Patients with psoriasis treated with biologic therapy, which are protein-based infusions to suppress inflammation, had a significant reduction in high-risk plaque in heart arteries, over one-year, according to new research published today in Circulation: Cardiovascular Imaging, an American Heart Association journal.
Chronic inflammation in people with psoriasis is associated with a higher risk of developing coronary artery disease. Biologic therapy medications are proteins that are given by injection or infusion and suppress the inflammation process by blocking the action of cytokines, which are proteins that promote systemic inflammation.
Previous research has shown a clear link between psoriasis and the development of high-risk coronary plaque. This study provides characterization of a lipid-rich necrotic core, a dangerous type of coronary plaque made up of dead cells and cell debris that is prone to rupture. Ruptured plaque can lead to a heart attack or stroke.
“Having inflamed plaque that is prone to rupture increases the risk of heart attack five-fold within ten years,” said Nehal N. Mehta, M.D., M.S.C.E., FAHA, study senior author, a Lasker Senior Investigator and chief of the Lab of Inflammation and Cardiometabolic Diseases at the National Heart, Lung, and Blood Institute at the National Institutes of Health in Bethesda, Maryland.
“This is the first time an imaging study in humans has shown what one year of ongoing, untreated inflammation can do to arteries of the heart and that we can reverse this damage. Untreated inflammation is dangerous. You are just waiting for a heart attack or stroke to happen,” Mehta said.
The analysis involved 209 middle-aged patients (ages 37-62) with psoriasis who participated in the Psoriasis Atherosclerosis Cardiometabolic Initiative at the National Institutes of Health, an ongoing observational study. Of these participants, 124 received biologic therapy, and 85 were in the control group, treated only with topical creams and light therapy.
To measure the effects of biologic therapy on arteries of the heart, the researchers performed cardiac computed tomography (CT) scans on all study participants before they started therapy and one year later. The CT results between the two groups were then compared.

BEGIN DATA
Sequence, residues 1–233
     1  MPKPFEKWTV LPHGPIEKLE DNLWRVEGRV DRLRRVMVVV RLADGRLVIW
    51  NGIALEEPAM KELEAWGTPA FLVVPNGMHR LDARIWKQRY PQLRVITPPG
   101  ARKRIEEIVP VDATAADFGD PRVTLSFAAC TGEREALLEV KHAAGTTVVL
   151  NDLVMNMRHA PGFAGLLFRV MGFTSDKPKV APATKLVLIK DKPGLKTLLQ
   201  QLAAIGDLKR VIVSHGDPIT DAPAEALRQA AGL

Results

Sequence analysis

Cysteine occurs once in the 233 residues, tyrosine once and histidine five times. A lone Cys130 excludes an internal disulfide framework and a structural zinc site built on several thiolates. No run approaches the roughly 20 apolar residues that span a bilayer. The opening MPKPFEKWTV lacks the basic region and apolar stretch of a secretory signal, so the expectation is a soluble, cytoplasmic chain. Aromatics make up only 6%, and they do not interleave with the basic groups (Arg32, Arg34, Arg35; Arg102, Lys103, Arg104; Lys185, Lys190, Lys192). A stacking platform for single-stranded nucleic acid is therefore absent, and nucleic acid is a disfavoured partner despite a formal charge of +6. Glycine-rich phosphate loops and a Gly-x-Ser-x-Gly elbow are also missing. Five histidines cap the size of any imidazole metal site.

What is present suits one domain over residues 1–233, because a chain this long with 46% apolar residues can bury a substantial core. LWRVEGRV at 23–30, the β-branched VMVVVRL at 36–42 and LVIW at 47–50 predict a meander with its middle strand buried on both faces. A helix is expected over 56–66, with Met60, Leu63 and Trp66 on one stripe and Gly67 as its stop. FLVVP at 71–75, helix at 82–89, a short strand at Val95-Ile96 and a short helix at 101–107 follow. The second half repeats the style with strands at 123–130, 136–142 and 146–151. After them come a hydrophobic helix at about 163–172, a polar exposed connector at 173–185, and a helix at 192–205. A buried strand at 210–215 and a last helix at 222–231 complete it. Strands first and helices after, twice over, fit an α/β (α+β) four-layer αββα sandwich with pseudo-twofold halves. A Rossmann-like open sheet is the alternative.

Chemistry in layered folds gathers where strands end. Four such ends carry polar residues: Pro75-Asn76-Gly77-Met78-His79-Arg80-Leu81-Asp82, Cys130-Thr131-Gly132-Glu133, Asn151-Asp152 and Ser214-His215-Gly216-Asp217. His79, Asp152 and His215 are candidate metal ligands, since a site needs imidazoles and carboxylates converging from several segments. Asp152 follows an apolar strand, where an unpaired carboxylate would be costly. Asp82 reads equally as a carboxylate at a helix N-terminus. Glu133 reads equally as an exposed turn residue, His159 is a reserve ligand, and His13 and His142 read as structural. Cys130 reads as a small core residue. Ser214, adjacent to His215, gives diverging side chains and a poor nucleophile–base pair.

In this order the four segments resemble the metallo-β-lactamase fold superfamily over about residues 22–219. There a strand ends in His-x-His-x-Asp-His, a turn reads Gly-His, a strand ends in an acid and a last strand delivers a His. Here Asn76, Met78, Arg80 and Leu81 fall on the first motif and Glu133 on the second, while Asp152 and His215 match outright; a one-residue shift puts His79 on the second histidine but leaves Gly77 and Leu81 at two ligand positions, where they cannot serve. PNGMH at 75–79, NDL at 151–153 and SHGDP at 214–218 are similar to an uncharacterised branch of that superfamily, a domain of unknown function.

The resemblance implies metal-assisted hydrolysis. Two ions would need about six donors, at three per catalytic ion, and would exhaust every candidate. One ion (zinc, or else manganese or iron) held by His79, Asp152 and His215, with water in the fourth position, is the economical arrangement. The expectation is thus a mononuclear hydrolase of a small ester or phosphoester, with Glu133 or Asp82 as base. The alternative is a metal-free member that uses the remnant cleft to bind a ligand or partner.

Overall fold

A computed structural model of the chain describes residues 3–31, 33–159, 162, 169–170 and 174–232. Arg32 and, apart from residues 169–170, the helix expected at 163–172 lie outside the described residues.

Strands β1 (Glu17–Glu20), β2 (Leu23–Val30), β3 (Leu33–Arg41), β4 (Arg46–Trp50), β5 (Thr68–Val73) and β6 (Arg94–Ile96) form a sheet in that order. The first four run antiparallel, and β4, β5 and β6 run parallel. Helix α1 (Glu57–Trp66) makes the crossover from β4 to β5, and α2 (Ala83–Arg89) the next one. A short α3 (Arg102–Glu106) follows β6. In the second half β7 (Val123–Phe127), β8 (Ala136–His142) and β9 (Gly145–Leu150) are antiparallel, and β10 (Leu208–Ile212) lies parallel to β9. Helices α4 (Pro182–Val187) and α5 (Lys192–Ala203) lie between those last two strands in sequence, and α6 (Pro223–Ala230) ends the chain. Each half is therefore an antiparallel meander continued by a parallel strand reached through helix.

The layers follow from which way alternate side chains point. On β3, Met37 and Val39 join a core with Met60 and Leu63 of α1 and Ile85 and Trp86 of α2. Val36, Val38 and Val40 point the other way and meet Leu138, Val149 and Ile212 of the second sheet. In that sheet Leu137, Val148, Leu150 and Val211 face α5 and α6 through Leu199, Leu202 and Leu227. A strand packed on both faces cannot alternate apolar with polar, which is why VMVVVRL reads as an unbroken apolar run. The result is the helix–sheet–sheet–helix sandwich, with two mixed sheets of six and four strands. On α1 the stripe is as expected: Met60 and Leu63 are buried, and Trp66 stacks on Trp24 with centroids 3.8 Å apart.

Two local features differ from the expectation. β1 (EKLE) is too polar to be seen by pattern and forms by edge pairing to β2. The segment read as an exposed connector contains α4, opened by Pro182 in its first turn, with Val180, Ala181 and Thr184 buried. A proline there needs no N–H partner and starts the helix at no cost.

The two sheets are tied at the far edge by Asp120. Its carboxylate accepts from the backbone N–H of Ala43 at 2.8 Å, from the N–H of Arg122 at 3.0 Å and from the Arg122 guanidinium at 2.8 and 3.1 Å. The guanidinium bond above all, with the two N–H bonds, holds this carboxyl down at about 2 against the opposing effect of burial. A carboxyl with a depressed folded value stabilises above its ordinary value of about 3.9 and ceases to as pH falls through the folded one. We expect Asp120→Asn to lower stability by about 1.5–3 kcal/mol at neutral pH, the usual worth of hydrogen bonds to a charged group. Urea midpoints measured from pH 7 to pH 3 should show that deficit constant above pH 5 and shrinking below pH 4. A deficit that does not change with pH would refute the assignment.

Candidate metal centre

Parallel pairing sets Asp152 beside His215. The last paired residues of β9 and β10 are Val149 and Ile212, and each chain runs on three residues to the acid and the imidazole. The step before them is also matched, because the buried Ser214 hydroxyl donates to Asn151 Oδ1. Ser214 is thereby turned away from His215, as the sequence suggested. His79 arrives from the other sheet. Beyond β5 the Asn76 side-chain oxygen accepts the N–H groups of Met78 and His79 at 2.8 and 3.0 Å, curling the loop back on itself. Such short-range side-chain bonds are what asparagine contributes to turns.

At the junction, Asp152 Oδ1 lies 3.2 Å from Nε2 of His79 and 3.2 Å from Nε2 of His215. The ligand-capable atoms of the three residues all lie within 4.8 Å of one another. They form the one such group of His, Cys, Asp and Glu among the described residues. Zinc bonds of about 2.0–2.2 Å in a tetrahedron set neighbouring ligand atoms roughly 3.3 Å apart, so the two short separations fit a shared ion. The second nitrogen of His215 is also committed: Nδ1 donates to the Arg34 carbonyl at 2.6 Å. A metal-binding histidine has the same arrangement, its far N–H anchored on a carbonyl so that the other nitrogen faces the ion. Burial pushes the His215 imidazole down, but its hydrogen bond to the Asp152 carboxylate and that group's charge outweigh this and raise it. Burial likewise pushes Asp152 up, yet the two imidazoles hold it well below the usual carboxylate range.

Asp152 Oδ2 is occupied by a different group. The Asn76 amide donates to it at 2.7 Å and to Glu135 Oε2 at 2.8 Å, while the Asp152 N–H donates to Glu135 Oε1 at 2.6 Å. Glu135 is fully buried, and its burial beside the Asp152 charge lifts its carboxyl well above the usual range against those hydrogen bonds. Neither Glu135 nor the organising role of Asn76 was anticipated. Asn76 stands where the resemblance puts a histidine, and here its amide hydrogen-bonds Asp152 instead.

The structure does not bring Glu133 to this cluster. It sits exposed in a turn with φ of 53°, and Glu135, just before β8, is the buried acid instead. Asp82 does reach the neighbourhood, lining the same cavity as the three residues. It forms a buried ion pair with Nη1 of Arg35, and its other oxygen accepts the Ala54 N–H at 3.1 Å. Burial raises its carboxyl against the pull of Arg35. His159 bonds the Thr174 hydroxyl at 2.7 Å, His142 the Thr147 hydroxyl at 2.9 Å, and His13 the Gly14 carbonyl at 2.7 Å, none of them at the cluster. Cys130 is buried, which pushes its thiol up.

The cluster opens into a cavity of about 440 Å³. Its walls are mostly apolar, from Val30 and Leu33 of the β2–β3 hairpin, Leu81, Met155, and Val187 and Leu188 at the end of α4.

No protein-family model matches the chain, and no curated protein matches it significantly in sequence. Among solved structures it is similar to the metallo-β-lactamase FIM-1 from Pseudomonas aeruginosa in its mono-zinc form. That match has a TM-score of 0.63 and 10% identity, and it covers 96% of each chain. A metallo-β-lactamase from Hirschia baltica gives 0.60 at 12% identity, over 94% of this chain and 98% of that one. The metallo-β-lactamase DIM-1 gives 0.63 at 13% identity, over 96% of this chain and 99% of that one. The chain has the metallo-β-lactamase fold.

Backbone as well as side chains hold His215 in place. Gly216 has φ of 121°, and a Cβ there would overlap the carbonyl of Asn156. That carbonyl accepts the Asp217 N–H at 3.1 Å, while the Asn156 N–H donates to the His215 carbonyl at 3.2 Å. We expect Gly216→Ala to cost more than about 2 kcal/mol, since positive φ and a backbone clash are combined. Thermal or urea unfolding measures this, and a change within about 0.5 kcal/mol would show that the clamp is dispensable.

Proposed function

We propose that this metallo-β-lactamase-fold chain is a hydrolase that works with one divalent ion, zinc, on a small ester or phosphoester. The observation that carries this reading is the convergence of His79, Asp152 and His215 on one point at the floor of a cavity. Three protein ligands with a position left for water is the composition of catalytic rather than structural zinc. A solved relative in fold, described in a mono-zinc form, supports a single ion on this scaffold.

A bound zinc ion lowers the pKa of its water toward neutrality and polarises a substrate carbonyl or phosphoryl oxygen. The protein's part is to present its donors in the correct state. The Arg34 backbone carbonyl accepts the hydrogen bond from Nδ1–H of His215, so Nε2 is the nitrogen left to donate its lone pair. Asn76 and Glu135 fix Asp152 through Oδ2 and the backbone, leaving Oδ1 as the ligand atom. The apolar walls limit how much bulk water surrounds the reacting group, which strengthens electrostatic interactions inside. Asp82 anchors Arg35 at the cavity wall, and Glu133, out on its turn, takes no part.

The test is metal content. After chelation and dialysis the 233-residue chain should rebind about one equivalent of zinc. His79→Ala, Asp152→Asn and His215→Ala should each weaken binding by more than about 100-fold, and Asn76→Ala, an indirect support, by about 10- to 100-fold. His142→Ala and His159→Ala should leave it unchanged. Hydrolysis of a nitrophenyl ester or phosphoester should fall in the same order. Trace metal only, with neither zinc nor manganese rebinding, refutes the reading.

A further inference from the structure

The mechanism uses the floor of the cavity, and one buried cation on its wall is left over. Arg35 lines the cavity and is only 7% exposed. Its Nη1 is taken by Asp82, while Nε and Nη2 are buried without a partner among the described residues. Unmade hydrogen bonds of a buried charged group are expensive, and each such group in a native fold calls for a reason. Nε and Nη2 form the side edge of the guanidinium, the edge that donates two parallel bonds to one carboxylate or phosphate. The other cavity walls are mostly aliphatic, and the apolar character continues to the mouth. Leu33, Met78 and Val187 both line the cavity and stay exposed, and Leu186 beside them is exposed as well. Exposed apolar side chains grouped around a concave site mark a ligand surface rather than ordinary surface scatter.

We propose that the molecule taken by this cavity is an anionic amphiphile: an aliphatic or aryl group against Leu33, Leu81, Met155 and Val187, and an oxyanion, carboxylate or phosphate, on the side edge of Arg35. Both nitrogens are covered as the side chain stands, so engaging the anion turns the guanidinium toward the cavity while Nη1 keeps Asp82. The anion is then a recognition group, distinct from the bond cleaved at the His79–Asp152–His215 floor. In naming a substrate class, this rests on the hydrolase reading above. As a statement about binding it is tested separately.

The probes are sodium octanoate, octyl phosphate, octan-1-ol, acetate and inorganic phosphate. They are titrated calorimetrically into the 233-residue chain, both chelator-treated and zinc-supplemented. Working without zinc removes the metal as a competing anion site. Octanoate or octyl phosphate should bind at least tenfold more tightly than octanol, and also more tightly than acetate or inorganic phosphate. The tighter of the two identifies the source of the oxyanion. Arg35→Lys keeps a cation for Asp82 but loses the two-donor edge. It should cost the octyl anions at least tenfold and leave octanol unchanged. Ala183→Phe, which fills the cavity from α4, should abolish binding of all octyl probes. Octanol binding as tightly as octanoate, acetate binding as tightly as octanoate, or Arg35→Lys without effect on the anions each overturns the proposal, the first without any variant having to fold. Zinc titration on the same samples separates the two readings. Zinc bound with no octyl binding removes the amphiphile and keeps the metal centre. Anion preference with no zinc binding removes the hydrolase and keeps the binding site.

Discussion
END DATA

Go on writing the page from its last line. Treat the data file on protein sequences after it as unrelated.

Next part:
At the start of the study, participants with psoriasis had low cardiovascular risk by conventional cardiovascular risk scores, and severe psoriasis was associated with higher body mass index (BMI), high-sensitivity C-reactive protein (a measure of systemic inflammation) and higher levels of coronary artery plaque.
After one year of treatment, patients who received biologic therapy were compared to the control group. Researchers found:
Biologic therapy was associated with an 8% reduction in coronary plaque. In contrast, those in the control group experienced slightly increased coronary plaque progression.
Even after adjusting for cardiovascular risk factors and psoriasis severity, patients treated with biologic therapy had reduced coronary plaque.
“There is approximately 6-8% reduction in coronary plaque following therapy with statins. Similarly, our treatment with biologic therapy reduced coronary plaque by the same amount after one year. These findings suggest that biologic therapy to treat psoriasis may be just as beneficial as statin therapy on heart arteries,” Mehta said.
This study has implications for people with psoriasis and possibly for people with other chronic inflammatory conditions such as HIV, lupus and rheumatoid arthritis, who also have increased risk of heart disease.
“We have never before been able to show healing of an inflamed plaque like this in humans. Biologic therapy reduces systemic inflammation and immune activation, and it has a favorable impact on improving overall vascular health,” Mehta said. “Imagine if we can treat both psoriasis and coronary heart disease with one therapy—that is the question to be asked in future studies.”
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